Well, I was hoping that you wouldn’t remind people of that because I don’t want people going back and listening to it again, occasionally I’ll have a listen to it and I’ll just cringe. I’ve got to say, Danny, when I’m chatting to all of you people from North America that I get a little self conscious of the accent. I think that diet was worse than ever because I was a little bit nervous about it, but I certainly remember the 10 questions. I remember that I developed a question sheet from a leadership team and I played them. It was only a small snippet that was on better, leaders, better schools. I think the whole thing went for about five minutes and I got them to reflect on the questions. How often have you asked these, how often do you hear these? It was a conversation starter for us and it was nice for them to hear a different voice other than listening to me all the time. Yeah, it was great and I think I did that and then sent your name up and introduced myself. I was probably the first person from this part of the world to reach out

Daniel (04:37):

The first person period. In the world

Clayton (04:41):

There you go, isn’t it funny. It must be amazing to put some content on the internet, wondering if anybody’s actually going to read it or listen to it or pick it up and I was living proof that the answer was yes to all of those things, that it was a great opportunity to be a part of that. To use it and to share that with you, which was fantastic,

Daniel (05:03):

Obviously very rewarding for me, but even better is that we struck up a genuine friendship and stayed in touch all these years. So that was pretty cool.

Clayton (05:15):

We did in the first time I came to Chicago was 2016, about 12 months after that and an opportunity to do two very Chicago things we went and saw the White Sox play, not the Cubs. You were very keen to make sure you took me to the right ballpark and then we went for the deep dish pizza the next day or the day after that. So it was fantastic to meet you. I’m so proud to be a part of that and so proud that our relationship continues to grow and that I’m a part of this as well. To see how far you’ve come in your personal and professional journey is something that gives me great pleasure.

Daniel (05:55):

Thank you. We’re going to start giving some value. I think people enjoy hearing how positive our relationship is, but we definitely need to deliver some value to them through the conversation. So we’re going to move to that, but I want to speak on cringe-worthy recordings, even if people want to go back to episode 11, I don’t think they could right now, because in iTunes you can only have 250 episodes, right? So you might have it on your phone because you subscribe but if you’re new to this show, I don’t think you could even go back that far. The good news is that I’m archiving all of what I call season one, the first 250 episodes. I’m going to release that as a new podcast because some people haven’t heard those old episodes and there still is value there. I’ll let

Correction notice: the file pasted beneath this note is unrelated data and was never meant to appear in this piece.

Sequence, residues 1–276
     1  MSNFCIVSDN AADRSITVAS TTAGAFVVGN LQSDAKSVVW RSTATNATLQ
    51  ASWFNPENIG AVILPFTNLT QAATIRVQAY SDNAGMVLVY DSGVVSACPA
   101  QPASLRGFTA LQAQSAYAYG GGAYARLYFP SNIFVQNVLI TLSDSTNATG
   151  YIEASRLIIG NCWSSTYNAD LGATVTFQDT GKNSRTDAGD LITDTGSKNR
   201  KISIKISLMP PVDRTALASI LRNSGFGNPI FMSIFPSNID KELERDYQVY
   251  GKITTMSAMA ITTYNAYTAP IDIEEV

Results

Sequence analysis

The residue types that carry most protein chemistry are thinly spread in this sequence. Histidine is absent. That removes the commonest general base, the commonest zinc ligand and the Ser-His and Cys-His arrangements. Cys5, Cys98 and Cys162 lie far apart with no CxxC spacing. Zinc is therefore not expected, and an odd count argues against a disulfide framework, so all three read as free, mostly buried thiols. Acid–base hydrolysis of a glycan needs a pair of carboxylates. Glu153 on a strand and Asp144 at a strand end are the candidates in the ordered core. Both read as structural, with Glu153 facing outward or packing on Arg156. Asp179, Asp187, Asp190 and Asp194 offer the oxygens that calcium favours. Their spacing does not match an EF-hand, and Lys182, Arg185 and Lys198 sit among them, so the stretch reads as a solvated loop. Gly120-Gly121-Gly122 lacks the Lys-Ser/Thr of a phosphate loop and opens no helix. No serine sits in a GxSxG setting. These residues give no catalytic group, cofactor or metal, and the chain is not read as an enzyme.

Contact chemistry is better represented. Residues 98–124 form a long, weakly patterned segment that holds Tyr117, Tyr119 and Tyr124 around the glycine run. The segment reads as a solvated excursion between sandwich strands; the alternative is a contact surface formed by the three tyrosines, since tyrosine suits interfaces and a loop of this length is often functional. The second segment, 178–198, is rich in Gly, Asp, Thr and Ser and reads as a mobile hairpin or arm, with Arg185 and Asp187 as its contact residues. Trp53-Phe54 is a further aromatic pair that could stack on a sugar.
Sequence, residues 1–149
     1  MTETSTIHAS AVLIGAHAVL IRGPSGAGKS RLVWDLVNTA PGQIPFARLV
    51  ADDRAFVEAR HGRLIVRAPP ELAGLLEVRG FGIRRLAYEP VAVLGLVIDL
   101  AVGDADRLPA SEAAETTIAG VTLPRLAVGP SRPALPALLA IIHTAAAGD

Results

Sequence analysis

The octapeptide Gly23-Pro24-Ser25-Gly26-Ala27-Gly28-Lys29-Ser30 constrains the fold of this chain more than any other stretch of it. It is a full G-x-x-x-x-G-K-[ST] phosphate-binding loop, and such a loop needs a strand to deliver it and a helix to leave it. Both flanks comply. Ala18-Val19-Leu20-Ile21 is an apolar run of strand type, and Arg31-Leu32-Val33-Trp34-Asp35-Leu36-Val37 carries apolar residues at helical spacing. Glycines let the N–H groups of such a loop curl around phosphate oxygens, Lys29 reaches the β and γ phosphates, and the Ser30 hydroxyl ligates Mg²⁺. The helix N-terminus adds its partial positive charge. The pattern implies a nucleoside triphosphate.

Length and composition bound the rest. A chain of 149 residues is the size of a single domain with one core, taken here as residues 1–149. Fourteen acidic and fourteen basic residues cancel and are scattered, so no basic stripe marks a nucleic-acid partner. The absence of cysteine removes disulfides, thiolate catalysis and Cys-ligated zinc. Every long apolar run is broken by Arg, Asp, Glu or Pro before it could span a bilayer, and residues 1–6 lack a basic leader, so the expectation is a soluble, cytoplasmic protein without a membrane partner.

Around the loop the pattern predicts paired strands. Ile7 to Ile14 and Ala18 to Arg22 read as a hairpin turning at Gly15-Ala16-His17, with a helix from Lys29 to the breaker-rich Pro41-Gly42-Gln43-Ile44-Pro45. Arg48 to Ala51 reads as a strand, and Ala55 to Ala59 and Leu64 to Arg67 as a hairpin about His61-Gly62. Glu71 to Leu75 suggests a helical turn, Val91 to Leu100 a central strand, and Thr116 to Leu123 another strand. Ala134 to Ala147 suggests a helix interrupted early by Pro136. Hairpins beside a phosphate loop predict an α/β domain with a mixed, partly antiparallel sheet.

Daniel (06:42):

Folks know how to get to that, but also cringe-worthy that effective school leaders, although the content, the ideas are good when I go back and listen to like, me on the mic and now I’m so much more relaxed and confident, I hear that and I’m like, Oh man, what are you doing there?

Clayton (07:01):

I don’t know. Yeah, I am always exactly the same. One of the things when I had the chance to study in the States, and I know that we’ll, we’ll touch on that a little bit through this conversation. I remember one of the quotes that I picked up was one of the professors said, and this was about education, but it equally applies to any aspect of your lives. I’m sure he said, you do the best job you can at the time and when you know better, you do better. It’s a bit of a mantra for continual improvements. Hopefully tonight’s a little better than that rusty one from five years ago,

Daniel (07:34):

It already is. And now you’ve launched us into it with that quote so let me set you up to talk about that experience in the US. I know you’ve done some interesting things in regards to family engagement and you ‘re a part of a Harvard Program that really was the catalyst for that. I want people to visualize Clayton flying miles and miles, hours, and hours from Australia to the United States, reading the prep material. You see that family engagement is an early session in this program and you think maybe I should skip this one.

Clayton (08:16):

That’s right.

Daniel (08:17):

So, Clayton tell the Ruckus Maker listening. Why was that your initial response and why were you glad that you actually attended the family engagement session?

Clayton (08:26):

It was my initial response because I’d had a run of very difficult scenarios to manage at school that involved parents, complaining parents, always questioning teachers, excuse making and there was some aggression in there. There were some parents that just appeared to be flat out a few kangaroos short and the top paddock. The opportunity, it was a full scholarship that I won, which was life-changing. I had the chance to go over Harvard at Boston there and to study with about 250 other principals from pretty much around the world. The majority of them were from the US as you would expect. It was an opportunity to go over and engage, but it was also an opportunity to reflect on where I wanted to be in my career and in my professional life and dealing with parents was not one of them at that point in time because of the run of very difficult situations that I needed to manage.